Study Politics founder Leo Carr recently visited Iceland, and found some incredible secrets held on the small Atlantic islands. From political history to geopolitical influence, the country makes a fantastic case study for comparative politics to the UK, and this article will look at the Politics of Iceland.

Key Figures & Info

Dimension Figure World Ranking
Population 371,580 179th
Population Density 3.5/sq km 190th
GDP $19.8bn 142nd
GDP per person $65,273 7th
HDI 0.949 4th
Gini Index 23.2 2nd
Democracy Index 9.37 2nd
Happiness Index 7.554 4th

Capital City: Reykjavík
Legislature: Unicameral parliament called Alþingi
President: Guðni Th. Jóhannesson
Prime Minister: Katrín Jakobsdóttir

History

Initial Icelandic settlers had travelled from Scandinavia (particularly Norway) and the British isles over the late 9th century. Vikings inhabited Iceland as additional land for farming, and many settled on the island in the following years, mostly in the area surrounding what is now known as Reykjavik.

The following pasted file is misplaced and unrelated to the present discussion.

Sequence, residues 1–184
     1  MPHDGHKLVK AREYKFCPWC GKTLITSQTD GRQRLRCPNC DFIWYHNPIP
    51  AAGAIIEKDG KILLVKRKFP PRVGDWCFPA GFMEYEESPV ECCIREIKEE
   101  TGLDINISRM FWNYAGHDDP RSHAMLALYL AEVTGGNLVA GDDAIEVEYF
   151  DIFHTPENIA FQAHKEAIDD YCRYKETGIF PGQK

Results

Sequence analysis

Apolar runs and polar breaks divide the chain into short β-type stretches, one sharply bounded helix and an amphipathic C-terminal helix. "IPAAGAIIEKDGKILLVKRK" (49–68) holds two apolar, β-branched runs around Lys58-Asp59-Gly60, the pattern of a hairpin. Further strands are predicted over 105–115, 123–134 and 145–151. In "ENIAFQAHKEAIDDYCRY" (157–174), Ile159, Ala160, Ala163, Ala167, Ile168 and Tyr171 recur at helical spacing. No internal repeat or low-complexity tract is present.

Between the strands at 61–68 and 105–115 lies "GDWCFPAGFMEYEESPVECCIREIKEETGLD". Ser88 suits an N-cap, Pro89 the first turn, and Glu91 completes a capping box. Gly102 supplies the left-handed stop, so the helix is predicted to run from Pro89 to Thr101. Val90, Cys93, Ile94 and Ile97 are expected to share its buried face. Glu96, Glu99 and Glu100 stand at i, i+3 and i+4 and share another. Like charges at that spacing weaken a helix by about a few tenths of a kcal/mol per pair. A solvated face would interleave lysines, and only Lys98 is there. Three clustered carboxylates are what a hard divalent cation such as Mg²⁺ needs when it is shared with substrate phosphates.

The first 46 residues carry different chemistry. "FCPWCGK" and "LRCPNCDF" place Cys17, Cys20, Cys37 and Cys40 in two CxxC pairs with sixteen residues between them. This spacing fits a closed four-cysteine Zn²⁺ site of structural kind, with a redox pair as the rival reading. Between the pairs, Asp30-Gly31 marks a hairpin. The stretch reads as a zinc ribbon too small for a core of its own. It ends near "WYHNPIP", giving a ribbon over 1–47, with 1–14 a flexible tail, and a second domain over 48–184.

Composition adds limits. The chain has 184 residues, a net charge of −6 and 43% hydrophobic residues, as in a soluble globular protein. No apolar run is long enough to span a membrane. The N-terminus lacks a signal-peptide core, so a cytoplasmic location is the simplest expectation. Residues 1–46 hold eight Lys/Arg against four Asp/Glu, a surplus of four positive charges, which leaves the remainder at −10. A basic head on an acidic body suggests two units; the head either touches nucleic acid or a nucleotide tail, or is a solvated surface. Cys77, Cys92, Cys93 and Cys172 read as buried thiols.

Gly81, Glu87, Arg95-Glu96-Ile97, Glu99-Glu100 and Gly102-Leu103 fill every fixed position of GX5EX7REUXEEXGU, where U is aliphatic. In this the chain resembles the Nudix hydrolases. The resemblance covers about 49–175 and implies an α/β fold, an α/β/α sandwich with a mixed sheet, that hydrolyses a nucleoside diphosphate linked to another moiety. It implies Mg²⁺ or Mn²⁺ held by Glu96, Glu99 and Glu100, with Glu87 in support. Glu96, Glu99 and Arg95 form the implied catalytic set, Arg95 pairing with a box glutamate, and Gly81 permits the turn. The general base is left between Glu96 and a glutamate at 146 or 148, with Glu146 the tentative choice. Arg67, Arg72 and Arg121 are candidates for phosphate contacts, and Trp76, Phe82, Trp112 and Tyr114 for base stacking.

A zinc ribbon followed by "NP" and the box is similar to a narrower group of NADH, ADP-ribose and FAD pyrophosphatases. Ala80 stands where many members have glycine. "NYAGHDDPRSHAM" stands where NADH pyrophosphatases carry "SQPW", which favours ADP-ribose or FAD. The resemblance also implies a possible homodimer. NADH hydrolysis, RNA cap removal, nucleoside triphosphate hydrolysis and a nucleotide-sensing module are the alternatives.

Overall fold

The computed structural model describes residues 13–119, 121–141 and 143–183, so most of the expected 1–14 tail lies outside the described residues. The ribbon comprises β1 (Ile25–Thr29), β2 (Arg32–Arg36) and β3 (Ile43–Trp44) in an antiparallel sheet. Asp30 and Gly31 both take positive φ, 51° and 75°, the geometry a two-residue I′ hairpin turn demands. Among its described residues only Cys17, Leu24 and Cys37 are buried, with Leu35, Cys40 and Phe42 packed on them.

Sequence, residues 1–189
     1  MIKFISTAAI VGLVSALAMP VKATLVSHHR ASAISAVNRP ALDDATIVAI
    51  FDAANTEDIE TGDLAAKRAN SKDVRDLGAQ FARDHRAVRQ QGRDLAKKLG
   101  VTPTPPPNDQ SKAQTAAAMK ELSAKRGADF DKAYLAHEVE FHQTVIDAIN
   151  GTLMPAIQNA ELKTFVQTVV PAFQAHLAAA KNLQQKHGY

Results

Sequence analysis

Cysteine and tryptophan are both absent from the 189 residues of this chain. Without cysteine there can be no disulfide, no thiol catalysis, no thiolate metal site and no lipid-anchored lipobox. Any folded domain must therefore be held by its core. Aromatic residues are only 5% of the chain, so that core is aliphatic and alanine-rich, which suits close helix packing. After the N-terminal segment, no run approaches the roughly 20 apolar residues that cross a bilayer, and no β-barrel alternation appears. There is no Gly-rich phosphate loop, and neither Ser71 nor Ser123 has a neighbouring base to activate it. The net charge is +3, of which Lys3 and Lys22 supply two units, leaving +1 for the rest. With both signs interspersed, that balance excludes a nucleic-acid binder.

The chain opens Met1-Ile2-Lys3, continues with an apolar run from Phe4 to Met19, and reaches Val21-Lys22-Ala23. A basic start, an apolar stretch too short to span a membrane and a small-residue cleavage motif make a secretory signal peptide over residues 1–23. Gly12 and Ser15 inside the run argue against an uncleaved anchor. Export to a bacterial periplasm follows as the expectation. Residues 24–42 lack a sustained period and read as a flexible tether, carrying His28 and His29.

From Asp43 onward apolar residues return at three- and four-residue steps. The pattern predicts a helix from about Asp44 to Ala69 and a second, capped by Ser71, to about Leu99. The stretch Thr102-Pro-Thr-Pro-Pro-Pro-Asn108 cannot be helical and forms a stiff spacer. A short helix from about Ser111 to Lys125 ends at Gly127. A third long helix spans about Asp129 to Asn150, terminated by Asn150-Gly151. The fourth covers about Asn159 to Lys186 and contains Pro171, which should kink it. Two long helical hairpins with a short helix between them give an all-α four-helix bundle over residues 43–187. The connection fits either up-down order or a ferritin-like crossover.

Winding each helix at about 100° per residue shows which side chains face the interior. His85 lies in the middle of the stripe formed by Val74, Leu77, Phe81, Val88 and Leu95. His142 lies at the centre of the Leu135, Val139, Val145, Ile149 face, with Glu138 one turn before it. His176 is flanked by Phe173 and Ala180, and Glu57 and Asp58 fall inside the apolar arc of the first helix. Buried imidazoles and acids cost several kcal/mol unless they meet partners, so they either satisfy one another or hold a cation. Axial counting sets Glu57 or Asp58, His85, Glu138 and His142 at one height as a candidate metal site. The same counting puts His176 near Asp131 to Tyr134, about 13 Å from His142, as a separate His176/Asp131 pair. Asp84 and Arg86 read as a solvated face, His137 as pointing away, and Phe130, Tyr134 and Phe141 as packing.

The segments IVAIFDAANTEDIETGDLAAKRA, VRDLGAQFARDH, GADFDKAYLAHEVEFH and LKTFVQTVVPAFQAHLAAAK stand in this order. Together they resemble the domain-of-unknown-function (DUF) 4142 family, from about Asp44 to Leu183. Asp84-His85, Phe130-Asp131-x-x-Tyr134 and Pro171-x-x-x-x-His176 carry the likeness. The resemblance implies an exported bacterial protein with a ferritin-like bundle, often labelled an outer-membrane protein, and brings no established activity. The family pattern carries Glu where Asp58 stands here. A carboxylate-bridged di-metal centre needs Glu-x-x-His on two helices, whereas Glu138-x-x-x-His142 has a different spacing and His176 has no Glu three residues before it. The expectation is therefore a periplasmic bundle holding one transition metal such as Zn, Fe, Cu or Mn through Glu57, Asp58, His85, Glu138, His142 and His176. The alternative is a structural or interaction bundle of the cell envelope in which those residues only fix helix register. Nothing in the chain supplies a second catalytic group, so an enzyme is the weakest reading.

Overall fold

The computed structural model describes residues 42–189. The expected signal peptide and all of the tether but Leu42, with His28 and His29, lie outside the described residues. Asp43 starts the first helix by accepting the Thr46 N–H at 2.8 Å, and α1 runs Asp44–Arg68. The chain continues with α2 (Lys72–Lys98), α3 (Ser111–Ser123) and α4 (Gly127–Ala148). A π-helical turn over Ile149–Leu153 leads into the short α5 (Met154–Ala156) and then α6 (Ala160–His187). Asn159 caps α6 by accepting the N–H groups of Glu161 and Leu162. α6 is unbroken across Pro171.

A system of governance was established in 930 known as Alþingi, which is still the name of the Icelandic parliament today. It was at this time that Iceland entered its Commonwealth status as a free country.

Due to its geographic position for fishing and use for farmland, Norway took control of the country in the late 13th century, and this remained until 1380, when Denmark took control of Norway, Sweden and Iceland. Denmark retained control of Iceland until 1944, when Iceland voted 97% in a referendum to become an independent state. Denmark gave little resistance to this decision, probably because of its efforts during World War Two.

Geography

Iceland has some of Europe’s most unique and unbelievable geography. It is located in the Atlantic Ocean, on the boundary of the Eurasian and North American tectonic plates. This plate boundary is known as a constructive boundary, as the two plates are moving away from each other. When this happens, lava rises through the gaps that appear, and the island of Iceland was created this way. The Þingvellir National Park is located on the plate boundary, and you can travel between the two continents by car or by foot.